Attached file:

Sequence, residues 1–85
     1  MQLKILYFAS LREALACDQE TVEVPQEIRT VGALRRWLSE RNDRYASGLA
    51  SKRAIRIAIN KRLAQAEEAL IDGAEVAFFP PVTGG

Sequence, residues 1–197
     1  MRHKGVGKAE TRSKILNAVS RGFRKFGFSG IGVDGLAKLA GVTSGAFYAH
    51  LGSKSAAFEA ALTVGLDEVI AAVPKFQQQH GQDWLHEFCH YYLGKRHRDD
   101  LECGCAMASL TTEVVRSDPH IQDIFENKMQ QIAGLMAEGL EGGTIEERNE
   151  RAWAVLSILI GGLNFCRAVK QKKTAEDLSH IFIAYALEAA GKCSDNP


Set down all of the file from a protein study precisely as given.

Sequence, residues 1–85
     1  MQLKILYFAS LREALACDQE TVEVPQEIRT VGALRRWLSE RNDRYASGLA
    51  SKRAIRIAIN KRLAQAEEAL IDGAEVAFFP PVTGG

Sequence, residues 1–197
     1  MRHKGVGKAE TRSKILNAVS RGFRKFGFSG IGVDGLAKLA GVTSGAFYAH
    51  LGSKSAAFEA ALTVGLDEVI AAVPKFQQQH GQDWLHEFCH YYLGKRHRDD
   101  LECGCAMASL TTEVVRSDPH IQDIFENKMQ QIAGLMAEGL EGGTIEERNE
   151  RAWAVLSILI GGLNFCRAVK QKKTAEDLSH IFIAYALEAA GKCSDNP